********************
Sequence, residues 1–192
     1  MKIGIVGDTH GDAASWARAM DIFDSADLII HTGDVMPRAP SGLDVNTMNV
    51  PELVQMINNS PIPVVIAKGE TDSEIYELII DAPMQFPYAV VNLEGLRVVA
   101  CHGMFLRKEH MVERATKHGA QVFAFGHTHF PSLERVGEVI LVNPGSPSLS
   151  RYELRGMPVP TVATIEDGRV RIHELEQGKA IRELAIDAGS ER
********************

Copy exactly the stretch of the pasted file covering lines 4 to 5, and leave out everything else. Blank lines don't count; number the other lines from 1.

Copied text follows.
   101  CHGMFLRKEH MVERATKHGA QVFAFGHTHF PSLERVGEVI LVNPGSPSLS
   151  RYELRGMPVP TVATIEDGRV RIHELEQGKA IRELAIDAGS ER